Naomi Lynne Forrester, Ph.D.

Naomi Lynne Forrester, Ph.D.

Assistant Professor, Department of Pathology;
Member, Sealy Center for Vaccine Development

University of Texas Medical Branch
301 University Blvd,
Galveston, TX 77555-0610

Office: (409) 266-6927
Fax: (409) 747-2429

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Naomi Lynne Forrester, Ph.D.

Professional Education

Degree Institution Field of Study Graduation Year
B.A. (Oxon) Worchester College, Oxford University, Oxford, UK Biological Sciences 2000
Ph.D. University of Liverpool, Liverpool, UK Ecology of Infectious Diseases 2005
Post-doctoral University of Texas Medical Branch, Galveston, TX Virology


2005 First prize at the Annual CEH Oxford Student Presentations
2008 Travel Scholarship to the Keystone Symposia, Molecular Evolution as a Driving Force in Infectious Disease
2010 James W. McLaughlin Symposium Travel Award Recipient

Professional Affiliations

2007-Present Member of the American Society for Virology
2010-Present Member of the Society for General Microbiology

Research Interests

  • Basic research on evolution and pathogenesis of arthropod-borne viruses, virus - mosquito, virus - host interactions and vaccine development
  • Role of intra-host variation in the transmission and maintenance of viruses in endemic cycles
  • Analyzing the arbovirus transmission cycle to determine the number of bottlenecks present during virus infection and transmission using appropriate rodent models and mosquito vectors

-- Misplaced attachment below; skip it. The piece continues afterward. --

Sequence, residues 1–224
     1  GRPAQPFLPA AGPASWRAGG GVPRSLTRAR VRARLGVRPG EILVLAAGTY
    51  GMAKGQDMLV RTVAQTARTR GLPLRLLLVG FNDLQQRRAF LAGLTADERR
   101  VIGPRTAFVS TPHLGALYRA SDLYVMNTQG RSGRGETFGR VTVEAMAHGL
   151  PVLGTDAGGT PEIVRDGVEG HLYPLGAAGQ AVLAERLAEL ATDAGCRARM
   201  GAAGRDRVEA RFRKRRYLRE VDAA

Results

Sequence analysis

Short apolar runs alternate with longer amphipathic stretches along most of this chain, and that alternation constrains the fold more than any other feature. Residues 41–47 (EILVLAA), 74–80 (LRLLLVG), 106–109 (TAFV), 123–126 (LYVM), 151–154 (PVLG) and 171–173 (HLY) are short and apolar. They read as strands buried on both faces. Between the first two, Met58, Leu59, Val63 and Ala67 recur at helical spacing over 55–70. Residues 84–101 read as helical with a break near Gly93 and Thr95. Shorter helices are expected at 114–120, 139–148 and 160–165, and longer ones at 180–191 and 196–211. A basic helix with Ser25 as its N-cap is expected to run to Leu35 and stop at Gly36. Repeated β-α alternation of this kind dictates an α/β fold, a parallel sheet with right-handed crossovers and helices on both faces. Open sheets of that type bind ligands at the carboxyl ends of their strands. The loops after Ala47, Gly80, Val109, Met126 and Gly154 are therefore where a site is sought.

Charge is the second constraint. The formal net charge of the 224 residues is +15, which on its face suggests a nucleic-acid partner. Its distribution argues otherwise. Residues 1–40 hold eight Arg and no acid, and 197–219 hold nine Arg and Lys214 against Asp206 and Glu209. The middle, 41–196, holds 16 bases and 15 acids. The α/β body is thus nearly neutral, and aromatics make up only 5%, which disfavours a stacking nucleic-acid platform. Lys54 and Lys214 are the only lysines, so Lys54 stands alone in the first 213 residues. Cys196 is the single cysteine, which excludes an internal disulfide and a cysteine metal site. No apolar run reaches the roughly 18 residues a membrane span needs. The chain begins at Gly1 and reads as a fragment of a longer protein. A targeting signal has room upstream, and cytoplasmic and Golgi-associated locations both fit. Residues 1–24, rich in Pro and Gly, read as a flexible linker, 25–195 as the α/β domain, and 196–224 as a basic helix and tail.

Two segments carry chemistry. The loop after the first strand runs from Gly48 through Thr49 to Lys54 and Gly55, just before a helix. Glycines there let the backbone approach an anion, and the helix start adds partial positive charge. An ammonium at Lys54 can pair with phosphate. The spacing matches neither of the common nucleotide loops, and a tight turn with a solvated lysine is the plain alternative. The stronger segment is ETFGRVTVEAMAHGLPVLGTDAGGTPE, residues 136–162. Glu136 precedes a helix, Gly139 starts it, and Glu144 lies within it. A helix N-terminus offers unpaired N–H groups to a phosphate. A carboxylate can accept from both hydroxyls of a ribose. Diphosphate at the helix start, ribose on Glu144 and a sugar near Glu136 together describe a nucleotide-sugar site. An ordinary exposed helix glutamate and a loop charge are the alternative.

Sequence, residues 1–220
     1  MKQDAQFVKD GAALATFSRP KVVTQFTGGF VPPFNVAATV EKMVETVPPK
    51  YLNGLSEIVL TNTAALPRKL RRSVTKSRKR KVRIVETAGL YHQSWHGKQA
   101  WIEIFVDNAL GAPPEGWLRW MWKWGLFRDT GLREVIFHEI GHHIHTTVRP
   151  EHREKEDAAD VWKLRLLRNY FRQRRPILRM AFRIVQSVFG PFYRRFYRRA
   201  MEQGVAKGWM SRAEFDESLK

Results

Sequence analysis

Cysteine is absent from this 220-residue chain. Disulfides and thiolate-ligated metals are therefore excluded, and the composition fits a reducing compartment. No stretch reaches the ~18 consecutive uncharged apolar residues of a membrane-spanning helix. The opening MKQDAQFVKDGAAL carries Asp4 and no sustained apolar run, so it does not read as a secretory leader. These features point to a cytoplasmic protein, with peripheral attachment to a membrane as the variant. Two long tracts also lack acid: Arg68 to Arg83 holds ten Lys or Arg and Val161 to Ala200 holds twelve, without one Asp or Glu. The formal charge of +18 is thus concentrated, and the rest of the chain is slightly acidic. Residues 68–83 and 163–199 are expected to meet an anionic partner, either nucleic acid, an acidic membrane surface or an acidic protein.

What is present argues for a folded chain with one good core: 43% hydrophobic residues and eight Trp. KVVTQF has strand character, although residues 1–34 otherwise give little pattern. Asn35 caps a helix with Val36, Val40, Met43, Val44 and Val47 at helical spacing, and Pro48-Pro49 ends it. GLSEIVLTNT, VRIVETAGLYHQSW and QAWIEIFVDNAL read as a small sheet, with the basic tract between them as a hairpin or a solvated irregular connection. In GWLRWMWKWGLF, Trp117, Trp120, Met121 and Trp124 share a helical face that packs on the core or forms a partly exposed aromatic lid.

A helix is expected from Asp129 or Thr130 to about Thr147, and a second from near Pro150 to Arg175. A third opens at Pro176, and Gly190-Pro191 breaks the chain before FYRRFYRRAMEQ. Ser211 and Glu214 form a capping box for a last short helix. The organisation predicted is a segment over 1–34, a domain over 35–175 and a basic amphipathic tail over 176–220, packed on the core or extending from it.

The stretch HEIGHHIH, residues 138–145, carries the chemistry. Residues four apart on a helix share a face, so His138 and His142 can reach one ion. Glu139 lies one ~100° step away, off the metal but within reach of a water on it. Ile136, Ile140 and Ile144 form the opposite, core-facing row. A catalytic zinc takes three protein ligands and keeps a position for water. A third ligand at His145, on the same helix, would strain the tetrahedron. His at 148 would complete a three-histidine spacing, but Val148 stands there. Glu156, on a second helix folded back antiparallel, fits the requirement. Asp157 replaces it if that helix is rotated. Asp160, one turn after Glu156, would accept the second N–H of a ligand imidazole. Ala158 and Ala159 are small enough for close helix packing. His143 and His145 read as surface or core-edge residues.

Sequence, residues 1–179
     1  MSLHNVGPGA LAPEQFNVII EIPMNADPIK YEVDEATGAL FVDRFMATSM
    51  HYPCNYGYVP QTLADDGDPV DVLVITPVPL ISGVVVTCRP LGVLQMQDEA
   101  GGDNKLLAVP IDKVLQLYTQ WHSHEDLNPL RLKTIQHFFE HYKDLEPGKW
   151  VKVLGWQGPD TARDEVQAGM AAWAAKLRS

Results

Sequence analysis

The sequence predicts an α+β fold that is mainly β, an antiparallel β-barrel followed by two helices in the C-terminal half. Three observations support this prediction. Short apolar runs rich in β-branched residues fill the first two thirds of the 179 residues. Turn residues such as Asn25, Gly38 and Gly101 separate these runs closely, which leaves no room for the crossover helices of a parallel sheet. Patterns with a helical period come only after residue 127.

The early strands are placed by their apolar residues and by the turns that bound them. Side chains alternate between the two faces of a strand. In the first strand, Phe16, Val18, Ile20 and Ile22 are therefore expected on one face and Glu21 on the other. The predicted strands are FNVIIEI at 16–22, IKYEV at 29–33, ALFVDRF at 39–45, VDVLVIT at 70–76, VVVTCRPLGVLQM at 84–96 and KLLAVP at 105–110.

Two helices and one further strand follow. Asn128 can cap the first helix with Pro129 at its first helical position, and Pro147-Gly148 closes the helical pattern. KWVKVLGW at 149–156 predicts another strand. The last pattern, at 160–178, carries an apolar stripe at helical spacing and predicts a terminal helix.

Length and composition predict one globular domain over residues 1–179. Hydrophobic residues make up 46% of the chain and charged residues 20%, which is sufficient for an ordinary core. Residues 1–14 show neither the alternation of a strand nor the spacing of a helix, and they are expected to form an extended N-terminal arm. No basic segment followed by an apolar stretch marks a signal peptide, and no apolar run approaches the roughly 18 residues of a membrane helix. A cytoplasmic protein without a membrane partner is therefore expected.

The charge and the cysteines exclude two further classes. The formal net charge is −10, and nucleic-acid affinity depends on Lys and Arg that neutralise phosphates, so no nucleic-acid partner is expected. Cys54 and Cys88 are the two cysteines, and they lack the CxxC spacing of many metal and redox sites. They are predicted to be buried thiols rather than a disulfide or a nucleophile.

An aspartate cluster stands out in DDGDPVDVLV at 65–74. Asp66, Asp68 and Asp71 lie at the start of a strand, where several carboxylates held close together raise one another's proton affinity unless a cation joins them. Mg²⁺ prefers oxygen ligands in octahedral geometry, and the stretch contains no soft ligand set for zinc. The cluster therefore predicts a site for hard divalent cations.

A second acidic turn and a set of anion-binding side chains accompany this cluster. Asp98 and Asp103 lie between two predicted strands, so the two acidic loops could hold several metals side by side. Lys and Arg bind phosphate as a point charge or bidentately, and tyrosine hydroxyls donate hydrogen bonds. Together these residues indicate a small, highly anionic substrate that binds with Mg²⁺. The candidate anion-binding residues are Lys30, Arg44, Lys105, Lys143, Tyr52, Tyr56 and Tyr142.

• Comparative pathogenesis of Mayaro and Una viruses
  • Novel virus discovery using deep sequencing technologies

Selected Publications

  1. Deardorff ER, Forrester NL, Travassos da Rosa AP, Estrada-Franco JG, Navarro-Lopez R, Tesh RB, Weaver SC (2010). Experimental infections of Oryzomys couesi with sympatric arboviruses from Mexico. Am J Trop Med Hyg. 82:350-3. PMID: 20134016; PMCID:PMC2813180.
  2. Forrester NL, Boag B, Buckley A, Moureau G, Gould EA. (2009) Co-circulation of widely disparate strains of rabbit haemorrhagic disease virus could explain localized epidemicity in the United Kingdom. Virology. 393:42-8. PMID: 19692104.
  3. Malet H, Coutard B, Jamal S, Dutartre H, Papageorgiou N, Neuvonen M, Ahola T, Forrester N, Gould EA, Lafitte D, Ferron F, Lescar J, Gorbalenya AE, de Lamballerie X, Canard B (2009). The crystal structures of Chikungunya and Venezuelan equine encephalitis virus nsP3 macro domains define a conserved adenosine binding pocket. J Virol. 83:6534-45. PMID:19386706; PMCID: PMC2698539.
  4. Deardorff ER, Forrester NL, Travassos-da-Rosa AP, Estrada-Franco JG, Navarro-Lopez R, Tesh RB, Weaver SC (2009). Experimental infection of potential reservoir hosts with Venezuelan equine encephalitis virus, Mexico. Emerg Infect Dis. 15:519-25. PMID:19331726; PMCID:PMC2671456.
  5. McBride MP, Sims MA, Cooper RW, Nyaoke AC, Cullion C, Kiupel M, Frasca S Jr, Forrester N, Weaver SC, Weber ES (2008). Eastern equine encephalitis in a captive harbor seal (Phoca vitulina). J Zoo Wildl Med. 39:631-7. PMID:19110708.
  6. Forrester NL, Kenney JL, Deardorff E, Wang E, Weaver SC (2008). Western Equine Encephalitis submergence: lack of evidence for a decline in virus virulence. Virology. 380:170-2. PMID: 18801549; PMCID: PMC2574696.
  7. Wang E, Volkova E, Adams AP, Forrester N, Xiao SY, Frolov I, Weaver SC (2008). Chimeric alphavirus vaccine candidates for chikungunya. Vaccine. 26:5030-9. PMID: 18692107; PMCID: PMC2571998.